Jena Nesbitt has been designing in various forms for several years, and like many of us, trying to find her calling; trying new things, and not quite getting the right fit. Meanwhile, for the past 10 years she's been collecting vintage everything. She decided it was time to do something with this extensive collection and it's called Time Being Creative. This girl has taken re-purposed to the level it deserves. By taking sheet music from the '20s, mid century novels and dictionaries, sewing manuals, and even old-ass notebook paper, she has created unique notebooks that use almost all re-purposed materials. The fabrics that grace the covers are either from her own stash, given to her, or bought second hand; even the labels are made from scraps of paper. It's only fitting that she has also started a vintage venture, and the Instagram feed shows a wide variety of kitschy items along with some unique and high quality items.
How did Time Being Creative come about?
Jena: Time Being Creative emerged almost by accident in late 2013. My goal was to craft an assortment of personalized handmade holiday gifts for friends and family. I have been collecting vintage fabrics, paper, and magazines for over 10 years, and finally decided I was brave enough to cut them up and make something new. I had been wanting to try to make notebooks for several months. so I began prototyping on my 1947 Singer sewing machine.
I made and sent out over 60 notebooks, [and] a couple weeks later I couldn't believe the positive feedback that came pouring in from everyone! Many of my friends began insisting that I should start selling the notebooks. So, I turned to Instagram and began posting images of my products and creative process. Within six weeks I had over 1,000 followers and had sold 25 notebooks! I was blown away by the demand the notebooks were generating on a social media platform not designed for eCommerce. I have since created an Etsy site where folks can customize their notebooks and order stationery products I've created from vintage and repurposed materials.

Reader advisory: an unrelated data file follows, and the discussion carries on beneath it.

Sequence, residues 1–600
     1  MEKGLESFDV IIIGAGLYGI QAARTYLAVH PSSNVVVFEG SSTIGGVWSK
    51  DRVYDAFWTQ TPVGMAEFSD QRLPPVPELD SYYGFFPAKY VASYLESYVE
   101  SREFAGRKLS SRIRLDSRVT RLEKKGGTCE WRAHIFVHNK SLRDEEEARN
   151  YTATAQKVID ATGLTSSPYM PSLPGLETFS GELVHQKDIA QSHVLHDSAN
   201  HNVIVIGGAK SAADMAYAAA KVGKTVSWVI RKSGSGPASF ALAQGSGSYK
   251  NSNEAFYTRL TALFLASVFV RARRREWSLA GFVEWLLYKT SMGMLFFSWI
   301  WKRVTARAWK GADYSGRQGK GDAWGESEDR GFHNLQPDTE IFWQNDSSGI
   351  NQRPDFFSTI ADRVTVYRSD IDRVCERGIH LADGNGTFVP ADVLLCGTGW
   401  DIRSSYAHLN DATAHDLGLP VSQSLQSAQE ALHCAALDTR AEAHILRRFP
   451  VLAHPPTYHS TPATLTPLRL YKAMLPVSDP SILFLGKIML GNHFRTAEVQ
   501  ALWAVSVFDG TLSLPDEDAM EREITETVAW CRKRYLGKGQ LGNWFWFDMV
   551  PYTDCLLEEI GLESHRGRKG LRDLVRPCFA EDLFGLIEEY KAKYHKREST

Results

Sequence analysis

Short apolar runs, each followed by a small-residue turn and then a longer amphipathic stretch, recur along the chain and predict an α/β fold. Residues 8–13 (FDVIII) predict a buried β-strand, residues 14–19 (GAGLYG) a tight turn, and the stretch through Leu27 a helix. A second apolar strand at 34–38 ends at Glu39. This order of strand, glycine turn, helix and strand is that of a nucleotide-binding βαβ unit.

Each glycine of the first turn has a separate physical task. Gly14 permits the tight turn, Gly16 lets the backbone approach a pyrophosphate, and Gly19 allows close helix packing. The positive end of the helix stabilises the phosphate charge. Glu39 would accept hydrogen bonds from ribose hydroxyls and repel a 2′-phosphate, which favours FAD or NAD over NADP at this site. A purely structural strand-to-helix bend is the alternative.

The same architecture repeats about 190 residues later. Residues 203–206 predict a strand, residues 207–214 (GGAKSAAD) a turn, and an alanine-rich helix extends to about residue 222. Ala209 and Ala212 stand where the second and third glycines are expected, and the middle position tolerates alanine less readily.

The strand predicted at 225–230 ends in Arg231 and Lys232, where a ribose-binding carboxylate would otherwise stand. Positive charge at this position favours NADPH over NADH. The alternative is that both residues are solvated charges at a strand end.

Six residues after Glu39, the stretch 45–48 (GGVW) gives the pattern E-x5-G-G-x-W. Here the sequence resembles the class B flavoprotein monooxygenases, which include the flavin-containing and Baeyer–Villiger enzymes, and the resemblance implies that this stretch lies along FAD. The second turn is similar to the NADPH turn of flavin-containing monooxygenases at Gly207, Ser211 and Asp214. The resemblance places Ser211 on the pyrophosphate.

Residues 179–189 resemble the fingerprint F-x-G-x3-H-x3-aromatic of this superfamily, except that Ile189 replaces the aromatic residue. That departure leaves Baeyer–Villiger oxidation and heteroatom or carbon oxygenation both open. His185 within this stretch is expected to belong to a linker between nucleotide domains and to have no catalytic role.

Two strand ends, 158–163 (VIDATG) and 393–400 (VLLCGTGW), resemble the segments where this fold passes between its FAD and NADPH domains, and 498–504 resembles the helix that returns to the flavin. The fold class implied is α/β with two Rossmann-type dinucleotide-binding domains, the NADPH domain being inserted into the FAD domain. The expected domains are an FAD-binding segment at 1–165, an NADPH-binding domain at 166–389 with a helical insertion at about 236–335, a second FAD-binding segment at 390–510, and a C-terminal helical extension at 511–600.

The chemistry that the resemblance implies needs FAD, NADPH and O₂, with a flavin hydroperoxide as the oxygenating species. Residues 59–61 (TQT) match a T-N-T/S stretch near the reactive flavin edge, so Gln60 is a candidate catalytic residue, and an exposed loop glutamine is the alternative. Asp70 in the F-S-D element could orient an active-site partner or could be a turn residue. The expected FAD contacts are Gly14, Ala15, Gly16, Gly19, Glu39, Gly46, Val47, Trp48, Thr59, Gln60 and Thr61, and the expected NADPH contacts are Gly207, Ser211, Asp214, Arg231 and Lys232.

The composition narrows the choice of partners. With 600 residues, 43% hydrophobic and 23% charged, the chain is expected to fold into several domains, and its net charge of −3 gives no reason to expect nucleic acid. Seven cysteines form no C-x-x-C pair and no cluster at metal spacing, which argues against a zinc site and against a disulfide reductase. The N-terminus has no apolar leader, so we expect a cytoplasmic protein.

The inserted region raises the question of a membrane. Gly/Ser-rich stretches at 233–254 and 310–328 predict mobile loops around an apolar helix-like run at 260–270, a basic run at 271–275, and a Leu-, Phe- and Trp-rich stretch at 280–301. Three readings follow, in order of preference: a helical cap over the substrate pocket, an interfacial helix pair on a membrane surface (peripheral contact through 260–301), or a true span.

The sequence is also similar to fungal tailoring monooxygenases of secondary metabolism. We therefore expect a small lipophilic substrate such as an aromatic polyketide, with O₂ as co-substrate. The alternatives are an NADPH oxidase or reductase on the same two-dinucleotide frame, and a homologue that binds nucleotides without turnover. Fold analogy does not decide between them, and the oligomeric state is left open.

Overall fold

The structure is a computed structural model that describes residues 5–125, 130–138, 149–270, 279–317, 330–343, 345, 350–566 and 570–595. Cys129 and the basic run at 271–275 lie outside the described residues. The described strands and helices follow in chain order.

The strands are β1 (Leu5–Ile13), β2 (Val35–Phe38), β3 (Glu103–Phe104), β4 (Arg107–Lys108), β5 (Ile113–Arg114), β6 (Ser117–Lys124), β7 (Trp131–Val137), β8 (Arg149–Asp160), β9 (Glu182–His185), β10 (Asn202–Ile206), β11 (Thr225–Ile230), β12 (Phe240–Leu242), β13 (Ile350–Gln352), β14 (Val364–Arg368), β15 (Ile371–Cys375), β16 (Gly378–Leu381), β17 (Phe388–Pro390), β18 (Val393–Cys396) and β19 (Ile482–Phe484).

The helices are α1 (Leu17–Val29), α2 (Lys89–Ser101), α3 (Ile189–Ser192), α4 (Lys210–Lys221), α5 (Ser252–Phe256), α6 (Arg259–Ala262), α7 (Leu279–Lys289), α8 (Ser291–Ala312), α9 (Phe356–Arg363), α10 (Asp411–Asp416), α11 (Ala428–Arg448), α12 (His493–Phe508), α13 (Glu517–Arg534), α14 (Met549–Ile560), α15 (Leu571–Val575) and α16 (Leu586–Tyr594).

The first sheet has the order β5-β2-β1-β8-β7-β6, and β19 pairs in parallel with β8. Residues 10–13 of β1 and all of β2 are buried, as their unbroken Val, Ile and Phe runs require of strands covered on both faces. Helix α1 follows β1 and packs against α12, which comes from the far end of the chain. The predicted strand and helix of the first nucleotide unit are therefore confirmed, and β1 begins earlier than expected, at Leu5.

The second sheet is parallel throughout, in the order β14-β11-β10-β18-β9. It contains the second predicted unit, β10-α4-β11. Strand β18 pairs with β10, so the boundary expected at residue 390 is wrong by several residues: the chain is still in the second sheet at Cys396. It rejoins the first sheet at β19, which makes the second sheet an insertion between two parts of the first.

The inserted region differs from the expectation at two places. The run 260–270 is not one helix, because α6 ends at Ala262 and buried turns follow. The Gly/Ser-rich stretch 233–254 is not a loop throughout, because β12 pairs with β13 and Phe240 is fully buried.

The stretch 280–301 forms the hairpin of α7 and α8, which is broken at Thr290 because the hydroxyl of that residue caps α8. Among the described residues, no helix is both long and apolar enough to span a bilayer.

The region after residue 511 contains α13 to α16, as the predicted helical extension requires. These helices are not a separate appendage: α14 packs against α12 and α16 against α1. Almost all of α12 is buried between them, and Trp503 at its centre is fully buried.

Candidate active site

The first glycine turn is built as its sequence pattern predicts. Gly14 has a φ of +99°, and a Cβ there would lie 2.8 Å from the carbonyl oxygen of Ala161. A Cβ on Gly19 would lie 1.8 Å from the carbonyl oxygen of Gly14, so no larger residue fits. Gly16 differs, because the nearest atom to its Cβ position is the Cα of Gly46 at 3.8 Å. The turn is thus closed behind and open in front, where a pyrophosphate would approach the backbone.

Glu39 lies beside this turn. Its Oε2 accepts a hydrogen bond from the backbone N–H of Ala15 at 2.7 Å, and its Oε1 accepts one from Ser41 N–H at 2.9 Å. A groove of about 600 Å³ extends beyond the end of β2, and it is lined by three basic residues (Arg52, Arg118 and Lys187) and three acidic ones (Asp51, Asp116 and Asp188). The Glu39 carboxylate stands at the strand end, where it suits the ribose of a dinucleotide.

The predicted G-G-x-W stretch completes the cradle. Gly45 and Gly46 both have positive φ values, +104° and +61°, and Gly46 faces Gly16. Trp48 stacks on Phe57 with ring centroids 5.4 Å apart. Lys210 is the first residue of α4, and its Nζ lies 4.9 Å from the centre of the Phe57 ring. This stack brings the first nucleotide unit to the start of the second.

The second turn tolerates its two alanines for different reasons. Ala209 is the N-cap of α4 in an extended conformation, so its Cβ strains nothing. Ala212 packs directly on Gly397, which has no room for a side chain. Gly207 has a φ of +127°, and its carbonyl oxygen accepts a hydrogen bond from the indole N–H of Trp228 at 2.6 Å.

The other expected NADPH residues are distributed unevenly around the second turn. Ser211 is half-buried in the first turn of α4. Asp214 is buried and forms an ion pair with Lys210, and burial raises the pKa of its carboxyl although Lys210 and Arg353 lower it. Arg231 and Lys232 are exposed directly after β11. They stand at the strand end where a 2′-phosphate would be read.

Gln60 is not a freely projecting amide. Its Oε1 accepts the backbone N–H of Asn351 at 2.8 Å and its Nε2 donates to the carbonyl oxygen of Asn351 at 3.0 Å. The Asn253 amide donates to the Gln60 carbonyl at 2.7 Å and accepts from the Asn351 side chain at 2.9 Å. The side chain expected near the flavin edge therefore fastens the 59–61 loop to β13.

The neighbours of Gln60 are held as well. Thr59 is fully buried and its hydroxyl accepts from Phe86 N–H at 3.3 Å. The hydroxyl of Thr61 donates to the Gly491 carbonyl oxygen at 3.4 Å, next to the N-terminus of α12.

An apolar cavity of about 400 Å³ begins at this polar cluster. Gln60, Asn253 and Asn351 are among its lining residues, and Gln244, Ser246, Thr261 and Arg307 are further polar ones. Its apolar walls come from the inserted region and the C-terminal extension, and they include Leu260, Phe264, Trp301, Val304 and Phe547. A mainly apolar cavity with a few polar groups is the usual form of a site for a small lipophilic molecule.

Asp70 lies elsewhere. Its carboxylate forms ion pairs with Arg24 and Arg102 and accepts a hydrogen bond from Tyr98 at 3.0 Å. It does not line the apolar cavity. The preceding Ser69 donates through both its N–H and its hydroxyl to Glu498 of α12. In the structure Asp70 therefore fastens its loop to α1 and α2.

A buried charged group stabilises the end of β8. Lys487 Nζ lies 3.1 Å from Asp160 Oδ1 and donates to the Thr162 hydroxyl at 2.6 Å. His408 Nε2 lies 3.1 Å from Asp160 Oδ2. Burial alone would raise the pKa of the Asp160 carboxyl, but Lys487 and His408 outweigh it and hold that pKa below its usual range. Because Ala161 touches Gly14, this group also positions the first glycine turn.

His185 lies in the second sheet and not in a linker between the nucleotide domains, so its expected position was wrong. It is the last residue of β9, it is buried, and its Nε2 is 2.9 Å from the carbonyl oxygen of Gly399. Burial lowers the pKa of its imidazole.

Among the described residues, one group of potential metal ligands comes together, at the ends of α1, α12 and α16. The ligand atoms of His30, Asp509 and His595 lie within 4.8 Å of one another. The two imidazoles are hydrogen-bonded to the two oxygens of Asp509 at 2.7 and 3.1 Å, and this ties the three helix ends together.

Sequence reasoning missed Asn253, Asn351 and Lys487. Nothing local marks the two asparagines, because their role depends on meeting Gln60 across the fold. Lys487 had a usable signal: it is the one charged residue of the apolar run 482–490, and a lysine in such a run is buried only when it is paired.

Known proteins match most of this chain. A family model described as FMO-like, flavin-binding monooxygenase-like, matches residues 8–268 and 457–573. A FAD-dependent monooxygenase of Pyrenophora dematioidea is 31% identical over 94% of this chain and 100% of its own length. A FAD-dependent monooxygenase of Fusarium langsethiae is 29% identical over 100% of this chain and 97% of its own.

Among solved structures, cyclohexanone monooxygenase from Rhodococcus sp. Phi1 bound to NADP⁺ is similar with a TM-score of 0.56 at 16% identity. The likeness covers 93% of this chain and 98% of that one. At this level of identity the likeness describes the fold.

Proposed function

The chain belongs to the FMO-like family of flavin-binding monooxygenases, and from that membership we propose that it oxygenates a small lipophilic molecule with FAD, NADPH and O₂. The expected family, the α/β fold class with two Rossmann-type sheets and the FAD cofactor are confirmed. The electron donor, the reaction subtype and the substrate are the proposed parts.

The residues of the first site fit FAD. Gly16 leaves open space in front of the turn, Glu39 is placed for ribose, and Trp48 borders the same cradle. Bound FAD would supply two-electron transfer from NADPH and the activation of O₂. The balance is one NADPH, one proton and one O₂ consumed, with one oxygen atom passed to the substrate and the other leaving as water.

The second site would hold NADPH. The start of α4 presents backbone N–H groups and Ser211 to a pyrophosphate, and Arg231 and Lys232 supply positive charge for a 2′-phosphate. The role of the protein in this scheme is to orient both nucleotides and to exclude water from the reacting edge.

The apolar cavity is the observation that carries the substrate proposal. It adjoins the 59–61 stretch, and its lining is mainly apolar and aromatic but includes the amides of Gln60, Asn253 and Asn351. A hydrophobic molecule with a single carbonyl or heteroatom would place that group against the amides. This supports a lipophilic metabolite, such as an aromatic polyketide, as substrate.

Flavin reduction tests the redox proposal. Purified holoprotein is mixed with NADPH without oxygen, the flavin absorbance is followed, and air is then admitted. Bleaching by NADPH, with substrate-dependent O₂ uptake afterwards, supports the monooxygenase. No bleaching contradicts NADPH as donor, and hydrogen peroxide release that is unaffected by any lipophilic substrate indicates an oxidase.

Is it hard sometimes to cut up such old and unique pieces of paper that seem so special?
Oh my goodness, YES! A few weeks ago, I found a vintage dictionary that is identical to the one I used growing up. It took about 15 minutes of personal pep-talking to get me to pick up the scissors and start cutting. I don't know if it will ever get easier to cut up maps from the '50s or magazines from the '30s, but what I've learned is that once I see the finished product, it makes all the cutting anxiety worth it. I believe the creative process is enhanced by using re-purposed and vintage materials. It allows the craftsman to open their mind to the possibilities of changing one thought into another. I also feel it gives new life to these pieces that might otherwise be sitting on a shelf somewhere, in a box in storage collecting dust, in stacks in a garage getting moldy. So, as hard as it is, it's also liberating to actually re-purpose something that has so much potential. Plus, I'm proud to say that all of the products I create are made from more than 95% re-purposed materials—this also includes the packaging and shipping envelopes!
I must admit, I teared up a little bit the first time I opened one of my finished notebooks. There's a unique spirit to each one and I'm delighted by the thought of someone opening a Time Being Creative notebook and not knowing what they'll find hidden in its pages.
It seems like your notebooks are really becoming popular. Do you think it has to do with the fact that you're specializing in custom? How do you customize each piece/ set?
Each product I make is one of a kind, which I believe naturally lends itself to customization. I think customization is a great format for allowing customers to get involved in my creative process. The standard customization I offer on all the notebooks requires the buyer to select a cover fabric and a theme for the interior of their book. I currently offer a dozen page themes. Some examples are: Vintage Ladies from the 1930s-50s, Medical & Science, and Maps & Travel (which is the current top seller). I also offer a selection called "Random Surprise" which gives me vast creative freedom. When a buyer selects this option I often use fabrics and pages that are limited in quantity. I also love to personalize products, [and] I can create a custom stamp or stencil to further enhance your notebook. I think personalized notebooks are perfect for weddings, party favors, and artist collaborations!